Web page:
Banks not lending, but not willing to let credit unions lend either

On the other hand, keeping the cap in place maintains an economic barrier to entry that protects near-monopoly status for banks that collectively control 95% of small business lending.  In other words, the arbitrary cap on credit union lending is a regulation that inhibits competition and protects competitors (the banks).

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The cap puts credit unions at a competitive disadvantage. Not so, say the banks! The banks say that the nonprofit status of credit unions provides a tax advantage not available to for-profit lenders.

Nice try, but not true. The reality is that the credit unions’ nonprofit status requires all profits go back to their customers (members), meaning that customers get lower interest on loans and higher interest on savings accounts. In other words, credit unions serve the public in a break-even manner, so they have no real profits to tax. 

Similarly, banks could also operate in a break-even fashion and avoid all income taxes, but they choose not to. Instead, they freely choose to generate profits and distribute them with investors or stockholders as dividends. Alternatively, if for-profit banks chose to operate as a Subchapter S corporation, instead of a Subchapter C corporation, their investors and stockholders could also avoid dividend taxes as well. Furthermore, if nonprofit status is truly an advantage, for-profit banks should consider converting, but that won’t happen. Considering that banks control the vast majority of lending, cry of an “unlevel” playing field is just weak and disingenuous lobby-speak.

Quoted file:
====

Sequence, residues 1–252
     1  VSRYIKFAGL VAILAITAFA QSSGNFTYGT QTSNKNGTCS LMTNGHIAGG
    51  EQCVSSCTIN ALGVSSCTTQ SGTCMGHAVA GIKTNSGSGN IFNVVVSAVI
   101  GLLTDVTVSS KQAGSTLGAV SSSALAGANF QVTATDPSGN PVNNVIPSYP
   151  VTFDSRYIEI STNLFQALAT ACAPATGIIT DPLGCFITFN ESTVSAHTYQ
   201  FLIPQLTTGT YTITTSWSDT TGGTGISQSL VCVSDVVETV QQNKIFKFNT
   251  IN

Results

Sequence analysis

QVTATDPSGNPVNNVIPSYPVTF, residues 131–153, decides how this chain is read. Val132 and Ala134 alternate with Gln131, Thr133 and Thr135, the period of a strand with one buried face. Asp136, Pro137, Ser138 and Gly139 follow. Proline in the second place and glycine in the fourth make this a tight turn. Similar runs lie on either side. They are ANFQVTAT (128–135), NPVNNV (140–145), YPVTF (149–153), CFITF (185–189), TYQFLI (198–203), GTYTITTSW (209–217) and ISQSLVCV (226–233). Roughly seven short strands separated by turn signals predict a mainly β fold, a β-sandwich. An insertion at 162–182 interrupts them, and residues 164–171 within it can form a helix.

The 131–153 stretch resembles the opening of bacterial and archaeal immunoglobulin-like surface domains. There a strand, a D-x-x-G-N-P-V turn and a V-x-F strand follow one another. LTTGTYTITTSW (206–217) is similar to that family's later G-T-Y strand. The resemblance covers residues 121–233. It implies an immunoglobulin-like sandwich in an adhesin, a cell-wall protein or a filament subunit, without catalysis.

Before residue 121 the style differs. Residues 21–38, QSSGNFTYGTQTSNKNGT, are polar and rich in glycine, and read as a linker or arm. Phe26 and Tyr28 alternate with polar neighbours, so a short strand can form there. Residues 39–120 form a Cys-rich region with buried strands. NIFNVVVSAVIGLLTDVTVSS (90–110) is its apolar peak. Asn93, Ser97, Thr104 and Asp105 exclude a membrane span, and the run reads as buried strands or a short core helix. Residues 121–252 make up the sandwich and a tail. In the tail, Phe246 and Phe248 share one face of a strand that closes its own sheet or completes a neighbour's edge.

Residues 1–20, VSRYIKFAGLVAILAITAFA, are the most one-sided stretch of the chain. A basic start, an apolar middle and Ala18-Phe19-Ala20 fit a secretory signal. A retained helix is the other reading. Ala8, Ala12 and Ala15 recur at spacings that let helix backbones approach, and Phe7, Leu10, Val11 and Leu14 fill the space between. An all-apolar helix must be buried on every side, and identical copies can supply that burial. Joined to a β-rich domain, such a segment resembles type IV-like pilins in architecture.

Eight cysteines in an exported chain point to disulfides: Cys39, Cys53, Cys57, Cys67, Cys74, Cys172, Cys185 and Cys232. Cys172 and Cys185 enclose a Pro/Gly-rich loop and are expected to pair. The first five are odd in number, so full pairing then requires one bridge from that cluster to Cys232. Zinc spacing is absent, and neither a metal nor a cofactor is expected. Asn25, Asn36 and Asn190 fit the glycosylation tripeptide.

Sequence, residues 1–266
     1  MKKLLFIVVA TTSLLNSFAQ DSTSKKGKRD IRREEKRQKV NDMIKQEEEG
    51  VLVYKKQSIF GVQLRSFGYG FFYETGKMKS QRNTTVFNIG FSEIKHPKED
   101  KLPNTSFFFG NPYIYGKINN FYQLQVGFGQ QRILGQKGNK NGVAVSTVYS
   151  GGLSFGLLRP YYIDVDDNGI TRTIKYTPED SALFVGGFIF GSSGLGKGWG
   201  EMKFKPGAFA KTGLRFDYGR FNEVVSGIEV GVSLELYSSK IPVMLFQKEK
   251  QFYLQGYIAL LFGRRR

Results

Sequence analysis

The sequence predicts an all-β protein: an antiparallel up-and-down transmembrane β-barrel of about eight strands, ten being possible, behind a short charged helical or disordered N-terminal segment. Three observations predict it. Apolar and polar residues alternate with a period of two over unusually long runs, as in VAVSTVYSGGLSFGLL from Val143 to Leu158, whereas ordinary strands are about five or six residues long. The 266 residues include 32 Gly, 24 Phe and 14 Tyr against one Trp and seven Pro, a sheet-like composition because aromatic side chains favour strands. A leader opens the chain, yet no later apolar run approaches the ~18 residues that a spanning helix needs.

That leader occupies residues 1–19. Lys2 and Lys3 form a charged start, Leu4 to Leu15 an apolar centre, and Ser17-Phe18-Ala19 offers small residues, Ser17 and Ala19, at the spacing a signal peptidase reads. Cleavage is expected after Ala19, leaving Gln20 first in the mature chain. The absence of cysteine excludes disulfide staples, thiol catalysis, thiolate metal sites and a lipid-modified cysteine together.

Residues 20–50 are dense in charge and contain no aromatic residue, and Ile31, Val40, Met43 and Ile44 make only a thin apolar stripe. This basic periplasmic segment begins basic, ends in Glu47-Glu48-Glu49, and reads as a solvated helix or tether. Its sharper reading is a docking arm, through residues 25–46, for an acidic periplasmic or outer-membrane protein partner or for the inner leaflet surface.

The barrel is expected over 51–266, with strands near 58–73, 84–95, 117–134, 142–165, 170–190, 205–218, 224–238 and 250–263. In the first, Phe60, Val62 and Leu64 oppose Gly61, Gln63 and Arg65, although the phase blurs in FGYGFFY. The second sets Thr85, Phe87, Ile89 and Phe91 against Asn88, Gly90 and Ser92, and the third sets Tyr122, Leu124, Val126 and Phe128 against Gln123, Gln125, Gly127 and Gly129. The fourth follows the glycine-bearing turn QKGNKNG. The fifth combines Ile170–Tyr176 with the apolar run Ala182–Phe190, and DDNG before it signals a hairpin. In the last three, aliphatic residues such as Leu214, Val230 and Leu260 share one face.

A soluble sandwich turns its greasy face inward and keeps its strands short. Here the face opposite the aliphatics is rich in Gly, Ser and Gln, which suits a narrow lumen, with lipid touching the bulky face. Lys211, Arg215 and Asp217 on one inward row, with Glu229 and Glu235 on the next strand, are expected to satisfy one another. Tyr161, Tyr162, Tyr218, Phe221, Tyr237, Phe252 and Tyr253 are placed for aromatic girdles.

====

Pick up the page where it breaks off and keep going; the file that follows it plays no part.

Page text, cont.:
The only “unlevel” playing field is that credit unions are subject to a cap that prevents them from lending to small businesses. This is unfortunate since, compared with banks, credit union lending produces a third of the delinquency rate and bad debt.  In other words, we could see more loans at lower market risk.

Public policy needs to encourage competition, remove market entry barriers, encourage investment— and do all of this without government funding. As I look across the political spectrum and hear the free-market, pro-competition and anti-regulation voices, it will be very interesting to see where politicians stand on this issue.

Steve Pociask is president of the American Consumer Institute Center for Citizen Research, an educational and research organization.